Lisa Simpson, CPA, CGMA, vice president of firm services for the American Institute of CPAs (AICPA), will testify before the House Committee on Small Business about the accounting profession’s support for Paycheck Protection Program (PPP) borrowers and the challenges small businesses and non-profits continue to face with the PPP application process.
In written testimony (attached) submitted to the Committee, Simpson spoke about the accounting profession’s many efforts – including town halls, free calculators and checklists and regular dialogue with Treasury, the Small Business Administration (SBA), members of Congress, lenders and payroll providers – to help PPP borrowers and the thousands of CPAs who serve as their trusted advisor.
“Many small organizations don’t have professional finance and accounting staff in-house, so CPAs perform many vital functions including payroll processing, tax filings, paying bills, accounting, financial statement preparation, budgeting, cash flow forecasting and more,” said Simpson. “When the pandemic hit and many businesses were shuttered, small business owners turned to their CPAs for help figuring out how to pay employees, pay the rent, keep the lights on and not lose all of their investment so that when the crisis ended, the business could be in the best position possible to restart.”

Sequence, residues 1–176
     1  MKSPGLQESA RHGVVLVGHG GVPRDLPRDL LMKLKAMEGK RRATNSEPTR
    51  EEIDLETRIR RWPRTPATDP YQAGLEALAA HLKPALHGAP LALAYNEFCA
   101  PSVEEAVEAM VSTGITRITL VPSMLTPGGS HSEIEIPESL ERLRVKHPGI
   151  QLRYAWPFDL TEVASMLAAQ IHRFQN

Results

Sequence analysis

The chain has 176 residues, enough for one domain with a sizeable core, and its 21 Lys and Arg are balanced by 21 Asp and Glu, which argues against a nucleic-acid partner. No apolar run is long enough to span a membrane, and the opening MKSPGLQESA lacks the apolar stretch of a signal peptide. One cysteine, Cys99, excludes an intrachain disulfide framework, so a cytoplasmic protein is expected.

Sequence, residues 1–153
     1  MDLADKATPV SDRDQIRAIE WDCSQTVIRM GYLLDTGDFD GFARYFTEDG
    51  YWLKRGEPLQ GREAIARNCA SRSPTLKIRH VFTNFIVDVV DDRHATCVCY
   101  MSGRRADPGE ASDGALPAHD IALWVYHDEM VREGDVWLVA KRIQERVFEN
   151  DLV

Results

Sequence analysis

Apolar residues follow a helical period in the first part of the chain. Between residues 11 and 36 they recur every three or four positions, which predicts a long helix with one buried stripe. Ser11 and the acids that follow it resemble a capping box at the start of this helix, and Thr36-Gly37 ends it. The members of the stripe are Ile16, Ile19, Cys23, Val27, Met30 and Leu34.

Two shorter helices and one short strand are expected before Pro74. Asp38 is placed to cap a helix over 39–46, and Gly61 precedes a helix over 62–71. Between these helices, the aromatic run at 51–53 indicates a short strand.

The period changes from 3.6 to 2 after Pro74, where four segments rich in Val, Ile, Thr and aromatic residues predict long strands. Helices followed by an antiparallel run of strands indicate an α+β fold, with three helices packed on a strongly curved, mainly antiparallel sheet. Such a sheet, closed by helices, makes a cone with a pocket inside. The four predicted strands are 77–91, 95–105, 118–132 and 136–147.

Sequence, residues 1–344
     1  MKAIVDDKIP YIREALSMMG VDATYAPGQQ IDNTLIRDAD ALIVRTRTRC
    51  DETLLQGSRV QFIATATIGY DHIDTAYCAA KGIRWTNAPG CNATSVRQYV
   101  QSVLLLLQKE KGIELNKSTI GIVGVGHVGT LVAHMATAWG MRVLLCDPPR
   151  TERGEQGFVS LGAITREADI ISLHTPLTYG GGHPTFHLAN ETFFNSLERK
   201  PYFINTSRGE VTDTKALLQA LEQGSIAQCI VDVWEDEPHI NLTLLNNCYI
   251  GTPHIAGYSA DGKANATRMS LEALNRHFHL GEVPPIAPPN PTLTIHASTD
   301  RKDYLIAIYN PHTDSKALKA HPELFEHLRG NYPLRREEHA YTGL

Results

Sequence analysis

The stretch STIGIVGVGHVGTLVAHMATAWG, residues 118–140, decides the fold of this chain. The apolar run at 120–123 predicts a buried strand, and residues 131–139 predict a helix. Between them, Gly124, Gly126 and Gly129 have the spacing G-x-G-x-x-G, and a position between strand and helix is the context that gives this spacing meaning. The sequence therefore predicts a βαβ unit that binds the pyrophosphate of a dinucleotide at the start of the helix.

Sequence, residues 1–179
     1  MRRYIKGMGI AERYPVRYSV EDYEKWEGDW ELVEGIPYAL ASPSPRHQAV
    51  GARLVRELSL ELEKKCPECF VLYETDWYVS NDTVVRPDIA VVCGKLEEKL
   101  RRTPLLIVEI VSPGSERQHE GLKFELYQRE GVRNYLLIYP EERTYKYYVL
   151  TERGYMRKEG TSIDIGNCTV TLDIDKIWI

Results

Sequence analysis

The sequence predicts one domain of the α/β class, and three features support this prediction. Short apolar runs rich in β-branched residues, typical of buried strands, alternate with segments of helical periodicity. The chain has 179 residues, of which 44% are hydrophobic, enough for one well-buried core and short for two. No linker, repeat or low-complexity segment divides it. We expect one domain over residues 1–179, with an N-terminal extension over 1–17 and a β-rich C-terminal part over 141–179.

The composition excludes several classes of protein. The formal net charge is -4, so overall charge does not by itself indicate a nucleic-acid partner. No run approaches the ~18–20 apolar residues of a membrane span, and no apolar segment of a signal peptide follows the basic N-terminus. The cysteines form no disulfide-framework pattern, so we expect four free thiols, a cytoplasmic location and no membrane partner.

Simpson also called upon Congress to extend the PPP application deadline by at least 60 days after March 31, 2021, citing urgent challenges facing small business and their CPA advisors, including:
- PPP application validation errors and hold codes that are difficult to decipher and resolve because they occur in the digital interface between lenders’ and the SBA’s platforms. (See the PPP Application Journey in AICPA’s written testimony for more information.)
- At least 65 error codes and validation checks, many of which may ultimately be incorrect, that can take two to six weeks to resolve.
- Delayed SBA guidance and new forms enacting changes in the maximum loan amount for small business owners who report their income on IRS Form 1040 Schedule C, coupled with lenders’ need to update their systems, provides little time for small borrowers to submit an accurate loan application, resolve any issues encountered in the SBA processing system and obtain a PPP loan – all while operating their businesses.
- Recent changes to the maximum PPP loan amount for small business owners is resulting in inequitable treatment of many borrowers who had previously applied for and received a PPP loan but cannot retroactively increase the loan amount to benefit from the recent changes.
- The fast-approaching April 15 tax filing and payment deadline, which layers onto the need for CPAs to advise small businesses on business relief options.
A recorded version of the live stream of the hearing may be found here.